BANGKOK (AP) – Shares of most Asian markets fell on Friday after China announced higher price hikes, which could prompt the authorities to work to reduce inflation.
The Japan Nikkei 225 index of the Aponia benchmark returned after falling the day before. Shares fell in Hong Kong, Shanghai, Sydney and Seoul.
Shares in Wall Street closed moderately high on Thursday, boosted by earnings from major tech companies benefiting from lower bond yields. But rising unemployment has hampered some buying enthusiasm.
China said consumer prices rose in March mainly due to rising fuel prices, while producer prices rose at the fastest pace in more than four years.
The consumer price index rose 0.4% in March from minus 0.2% in February as fuel prices rose by almost 12% year-on-year. Prices paid by producers increased by 4.4% compared to the same period last year.
Inflation reflects growing demand as China’s economy recovers from the global epidemic. Concerns that stronger growth could spur inflation, that regulators in many large economies will freeze in the future, with interest rates rising in part, have dominated markets in recent months.
China’s central bank has already instructed lenders to slow loan growth to meet rising risks.
In addition, a new round of US sanctions, this time against seven Chinese supercomputers, has revived fears of trade ties between the two major economies.
“Asian markets are once again cautious today. “Geopolitics is never far from the surface, even if it is often lost in the noise of global recovery,” Hull said in a report.
The Shanghai Composite Index lost 0.9% to 3,451.81 and the Hang Seng Index fell 1.2% to 28,665.74. Australia’s S & P / ASX 200 was down 0.1% at 6,995.20 and Seoul Cospin was down 0.4% at 3,131.88.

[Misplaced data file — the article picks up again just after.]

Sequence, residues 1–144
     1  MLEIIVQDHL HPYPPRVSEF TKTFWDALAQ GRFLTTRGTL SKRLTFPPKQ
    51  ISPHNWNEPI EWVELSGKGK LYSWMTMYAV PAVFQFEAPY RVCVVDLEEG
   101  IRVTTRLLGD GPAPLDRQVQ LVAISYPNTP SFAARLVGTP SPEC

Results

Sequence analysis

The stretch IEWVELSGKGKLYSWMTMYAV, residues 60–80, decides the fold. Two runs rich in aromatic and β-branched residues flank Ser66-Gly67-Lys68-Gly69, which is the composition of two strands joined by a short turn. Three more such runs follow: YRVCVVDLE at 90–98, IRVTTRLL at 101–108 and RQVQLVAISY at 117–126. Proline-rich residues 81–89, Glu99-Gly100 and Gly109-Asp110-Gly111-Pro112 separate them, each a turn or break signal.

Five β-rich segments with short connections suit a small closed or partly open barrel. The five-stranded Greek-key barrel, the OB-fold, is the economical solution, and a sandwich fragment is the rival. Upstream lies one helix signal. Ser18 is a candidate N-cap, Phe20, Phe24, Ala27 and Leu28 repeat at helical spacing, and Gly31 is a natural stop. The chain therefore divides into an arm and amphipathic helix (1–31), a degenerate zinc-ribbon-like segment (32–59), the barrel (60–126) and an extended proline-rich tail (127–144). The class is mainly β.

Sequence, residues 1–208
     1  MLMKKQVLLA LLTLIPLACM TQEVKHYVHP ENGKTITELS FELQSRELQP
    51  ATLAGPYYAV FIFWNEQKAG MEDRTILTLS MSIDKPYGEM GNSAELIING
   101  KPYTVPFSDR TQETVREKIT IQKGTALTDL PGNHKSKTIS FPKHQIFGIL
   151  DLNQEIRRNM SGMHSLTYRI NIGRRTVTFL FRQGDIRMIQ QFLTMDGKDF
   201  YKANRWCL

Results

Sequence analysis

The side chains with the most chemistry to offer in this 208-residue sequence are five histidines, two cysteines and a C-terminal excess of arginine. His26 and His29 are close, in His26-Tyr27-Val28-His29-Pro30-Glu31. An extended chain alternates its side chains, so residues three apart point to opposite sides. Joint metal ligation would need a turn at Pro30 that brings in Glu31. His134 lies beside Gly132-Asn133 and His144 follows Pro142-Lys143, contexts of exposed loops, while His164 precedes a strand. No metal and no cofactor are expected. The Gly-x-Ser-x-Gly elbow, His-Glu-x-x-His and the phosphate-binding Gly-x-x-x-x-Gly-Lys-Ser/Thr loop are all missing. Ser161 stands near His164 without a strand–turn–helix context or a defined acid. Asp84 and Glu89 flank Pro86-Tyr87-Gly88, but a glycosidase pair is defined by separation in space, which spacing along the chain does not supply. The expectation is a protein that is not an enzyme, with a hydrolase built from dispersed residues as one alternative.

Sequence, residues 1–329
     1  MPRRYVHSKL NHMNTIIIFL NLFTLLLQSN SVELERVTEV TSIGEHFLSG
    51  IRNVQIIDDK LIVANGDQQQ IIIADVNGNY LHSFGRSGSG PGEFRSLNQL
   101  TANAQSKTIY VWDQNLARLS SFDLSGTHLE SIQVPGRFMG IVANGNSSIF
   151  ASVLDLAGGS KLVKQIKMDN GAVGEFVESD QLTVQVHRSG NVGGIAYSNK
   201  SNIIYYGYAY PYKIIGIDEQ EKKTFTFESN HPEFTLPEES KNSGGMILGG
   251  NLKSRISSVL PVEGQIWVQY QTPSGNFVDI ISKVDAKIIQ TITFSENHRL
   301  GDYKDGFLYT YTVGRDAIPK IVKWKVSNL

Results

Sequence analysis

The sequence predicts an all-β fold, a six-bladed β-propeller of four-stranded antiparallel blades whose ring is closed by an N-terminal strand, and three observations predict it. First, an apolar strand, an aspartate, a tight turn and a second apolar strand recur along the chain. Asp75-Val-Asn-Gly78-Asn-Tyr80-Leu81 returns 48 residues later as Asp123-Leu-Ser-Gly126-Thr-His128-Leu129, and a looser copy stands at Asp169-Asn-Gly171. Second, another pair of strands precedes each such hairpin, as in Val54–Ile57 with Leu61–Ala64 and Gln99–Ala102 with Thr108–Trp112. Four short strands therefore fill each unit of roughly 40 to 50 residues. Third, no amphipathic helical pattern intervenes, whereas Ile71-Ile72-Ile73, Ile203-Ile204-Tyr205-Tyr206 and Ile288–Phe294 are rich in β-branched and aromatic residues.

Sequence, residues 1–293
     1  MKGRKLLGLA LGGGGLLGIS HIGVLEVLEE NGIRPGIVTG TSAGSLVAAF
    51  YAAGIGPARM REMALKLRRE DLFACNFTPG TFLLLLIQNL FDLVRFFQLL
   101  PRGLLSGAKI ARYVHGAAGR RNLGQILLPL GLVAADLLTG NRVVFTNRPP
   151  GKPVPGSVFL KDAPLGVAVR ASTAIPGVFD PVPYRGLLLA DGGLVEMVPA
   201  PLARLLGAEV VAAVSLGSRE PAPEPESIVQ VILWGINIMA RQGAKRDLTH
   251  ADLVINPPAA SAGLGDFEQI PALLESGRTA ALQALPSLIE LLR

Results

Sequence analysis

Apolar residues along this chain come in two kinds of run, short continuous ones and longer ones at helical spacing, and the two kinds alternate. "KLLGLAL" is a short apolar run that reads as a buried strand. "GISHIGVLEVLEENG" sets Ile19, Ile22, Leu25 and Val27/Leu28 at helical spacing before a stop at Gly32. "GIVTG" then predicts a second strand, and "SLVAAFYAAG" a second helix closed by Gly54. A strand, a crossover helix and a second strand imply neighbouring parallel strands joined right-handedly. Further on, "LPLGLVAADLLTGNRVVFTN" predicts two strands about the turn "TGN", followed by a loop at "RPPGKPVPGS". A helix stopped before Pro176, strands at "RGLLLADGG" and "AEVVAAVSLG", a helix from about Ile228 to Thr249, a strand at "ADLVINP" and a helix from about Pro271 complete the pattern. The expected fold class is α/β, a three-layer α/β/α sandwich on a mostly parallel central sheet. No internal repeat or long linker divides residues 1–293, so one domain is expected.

Japan-based Nikkei 225 rose 0.2% to 29,768.06.
Shares in Sony Corp have risen 2.7% since the company struck an exclusive deal with Netflix for the film.
The S&P 500 was up 0.4% on Thursday, hitting a record high of 4,097.17 after hitting a record high on Monday and Wednesday. The Dow Jones industrial average was up 0.2% at 33503.57. Nasdaq high-tech composite increased by 1% to 13,829.31.
Shares of small companies, which outperform the wider market this year, also showed good results. The Russell 2000 Small Business Index rose 0.9% to 2,242.60. This year, the index grew by 13.6%, and the S&P 500, followed by large companies, grew by 9.1%.
Shares gained ground this week as bond yields, which had been rising steadily, retreated from increases earlier this month.
The yield on the 10-year US Treasury bill, which affects interest rates on mortgages and other loans, fell from 1.65% to 1.63% late Wednesday night. It reached 1.75% on Monday.
The pullback has put some pressure on tech stocks, which have fallen in recent months due to a jump in yields, making those stocks look more expensive. The industry has also seen a sprawling trade as investors move more money to companies that should benefit from economic recovery.
Apple grew by 1.9%, Microsoft by 1.3% and Amazon by 0.6%.
Investors are cautiously optimistic about the recovery of the economy, especially in the United States, where the distribution of vaccines is growing.
But it is clear that recovery still has a long way to go. The number of Americans applying for unemployment benefits last week rose again last week as many businesses remained closed or partially shut down due to the epidemic.
Speaking to the International Monetary Fund on Thursday, Federal Reserve Chairman ome Jerome Powell said a number of factors were “putting people on the path to a full reopening of the economy soon.”
At the New York Mercantile Exchange, US crude oil fell 1 cent to $ 59.59 a barrel. It lost 17 cents to $ 59.60 on Thursday. The international standard for Brent crude oil fell 13 cents to $ 63.07.
The US dollar rose to 109.41 Japanese yen from 109.25 yen. The euro fell from $ 1.1917 to $ 1.1890.